July 27, 2010

My Secret Garden

My Secret Garden is four miles from my house. It’s the place where I relocate all the chipmunks that fall prey to my Havahart Live Animal Trap. It’s a lovely spot that includes a thick forest, an open meadow and a refreshing pond.

With camera in hand, I always take a walk after releasing the chippies and have fallen in love with this peaceful landscape. A large field of Common Milkweed grows there. The plants are about 48” high and bloom in June and July. Monarchs are especially fond of the nectar and their larvae eat the leaves. Milkweed is also a source of nectar for hummingbirds and many other butterfly species.

I literally see dozens and dozens of Monarchs fluttering from one milkweed to another, but never get close enough for a good photo. But….I did catch this one drinking nectar from some red clover.

The flowers growing there are as pretty as the ones blooming in my garden at home.

I see a lot of dragonflies and because they have excellent eyesight, I was surprised to get so close to this Widow Skimmer. Dragonflies are the fastest insects in the world, reaching speeds of between 19-38 mph.

White-tailed deer are often meandering around when I arrive, especially if it’s early in the morning. I’ll be posting about deer at a later date. For now, I’ll leave you with this deer footprint, which to my eye makes a heart-shaped track.

The novel, The Secret Garden, was published in 1911. Even back then, Frances Hodgson Burnett understood the healing power found in all living things.

July 21, 2010

Beautiful, Exotic and Easy to Grow

Jean from Dig Grow Compost had a recent post titled, The Lilies of Buffalo. She has recently returned from Buffalo, NY, where garden bloggers from all over the country met up and toured the city and many of its beautiful gardens. Visit her blog. You'll be in for a treat.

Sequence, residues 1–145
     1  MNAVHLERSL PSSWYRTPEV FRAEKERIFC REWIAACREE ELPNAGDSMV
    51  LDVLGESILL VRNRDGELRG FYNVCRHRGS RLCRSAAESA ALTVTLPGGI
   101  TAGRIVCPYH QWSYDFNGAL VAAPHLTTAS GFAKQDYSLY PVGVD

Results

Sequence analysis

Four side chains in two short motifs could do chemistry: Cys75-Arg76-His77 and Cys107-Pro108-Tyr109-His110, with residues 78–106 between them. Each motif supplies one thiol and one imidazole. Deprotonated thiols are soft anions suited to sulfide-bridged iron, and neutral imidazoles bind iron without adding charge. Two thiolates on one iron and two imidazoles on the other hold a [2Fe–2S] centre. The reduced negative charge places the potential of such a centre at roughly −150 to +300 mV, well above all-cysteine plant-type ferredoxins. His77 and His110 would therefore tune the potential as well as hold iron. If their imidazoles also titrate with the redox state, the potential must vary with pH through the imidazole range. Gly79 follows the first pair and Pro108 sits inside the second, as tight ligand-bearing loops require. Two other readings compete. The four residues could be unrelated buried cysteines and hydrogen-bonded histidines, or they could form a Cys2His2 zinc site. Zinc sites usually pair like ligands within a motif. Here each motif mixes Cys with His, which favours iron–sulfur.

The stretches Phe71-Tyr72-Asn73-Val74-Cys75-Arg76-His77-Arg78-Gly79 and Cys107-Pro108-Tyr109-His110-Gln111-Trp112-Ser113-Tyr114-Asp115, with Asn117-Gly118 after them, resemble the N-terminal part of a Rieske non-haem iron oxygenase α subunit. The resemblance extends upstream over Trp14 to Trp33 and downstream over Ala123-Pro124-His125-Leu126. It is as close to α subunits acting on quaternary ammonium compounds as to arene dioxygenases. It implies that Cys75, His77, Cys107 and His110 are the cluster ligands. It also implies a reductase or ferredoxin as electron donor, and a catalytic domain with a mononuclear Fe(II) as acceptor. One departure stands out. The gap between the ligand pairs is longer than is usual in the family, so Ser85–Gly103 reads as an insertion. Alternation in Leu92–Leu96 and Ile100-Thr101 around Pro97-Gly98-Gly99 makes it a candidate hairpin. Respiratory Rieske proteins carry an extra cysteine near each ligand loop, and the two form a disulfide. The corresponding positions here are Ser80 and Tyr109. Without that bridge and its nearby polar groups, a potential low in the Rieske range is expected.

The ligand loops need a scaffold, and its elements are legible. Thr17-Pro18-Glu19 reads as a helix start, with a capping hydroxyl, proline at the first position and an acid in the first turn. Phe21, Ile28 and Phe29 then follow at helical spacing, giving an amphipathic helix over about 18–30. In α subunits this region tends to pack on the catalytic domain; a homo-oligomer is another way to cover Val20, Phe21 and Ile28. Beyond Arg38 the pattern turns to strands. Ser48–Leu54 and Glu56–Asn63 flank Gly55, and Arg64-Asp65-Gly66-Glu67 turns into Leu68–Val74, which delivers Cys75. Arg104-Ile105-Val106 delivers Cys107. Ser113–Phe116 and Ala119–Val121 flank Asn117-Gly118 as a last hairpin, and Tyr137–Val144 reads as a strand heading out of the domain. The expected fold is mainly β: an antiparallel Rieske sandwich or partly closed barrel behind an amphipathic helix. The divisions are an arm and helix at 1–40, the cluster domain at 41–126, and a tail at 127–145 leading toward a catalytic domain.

Last September I bought a few Asiatic Lilies from a local greenhouse. They were deeply discounted and couldn't be passed up. I didn't get them in the ground until October and didn't hold out much hope for their winter survival.

Now I'm not saying that any of my lilies compare to the ones in Jean's post, but they have surprised and delighted me. These 'Sunny Sulawes' bloomed just two days ago and I can't stop looking at them.

These yellow and purple lilies were in a container labeled Purple Asiatic Pot Lily. I was thrilled to see the colors that bloomed.

'Tiny Nanny' white lilies. Different than the white lilies in the first photo. The leaves on these are narrower and the flowers are smaller. After these bloomed, something came along and ate the foliage down to the ground.

 Stella d'Oros are growing all over our yard. They are definitely the golden stars of the garden. A very dependable re-bloomer when provided with adequate moisture and deadheaded. I wouldn't be without them.

These Ed Murray daylilies don't show up well from a distance and the camera never does them justice, but up close they are amazingly beautiful, especially when the sun shines on them. They bloom after the Stellas.

In this part of the country, we are lucky to have Baltimore Orioles nesting in our tall trees and visiting our various Oriole feeders, or in this case the hummingbird feeder. I think this is a 1st year Oriole although it could be a female. It was raining outside, but that didn't keep him/her from the sweet nectar.

Slowly but surely
I'll make my way
to your blog.

I go out of my way
to read every word
and study every photo.

And as you know
I luv to leave comments.
Sometimes I'm too wordy
but I can't help it.

See you soon.

July 14, 2010

It's True What They Say

It's true! Plant it and they will come. In 2008, I planted the Echinacea hybrid 'Big Sky Summer Sky'. My feelings about these coneflowers have been lukewarm until the day this Monarch landed on one of the flowers.  At first, I thought it might be a Viceroy, but my Audubon Butterfly Pocket Guide confirms that it's a Monarch. The Guide mentions that there are attempts underway to designate it the national insect of the United States. Do any of you know if that was successful? Guess I could check that out myself.  

I've been away from blogging for a while. This brief post is an attempt to get back into it on a regular basis. I may be blogging about my summer garden well into winter, otherwise what would I do with the hundreds of photos on my computer.

Hoping to visit all of you soon.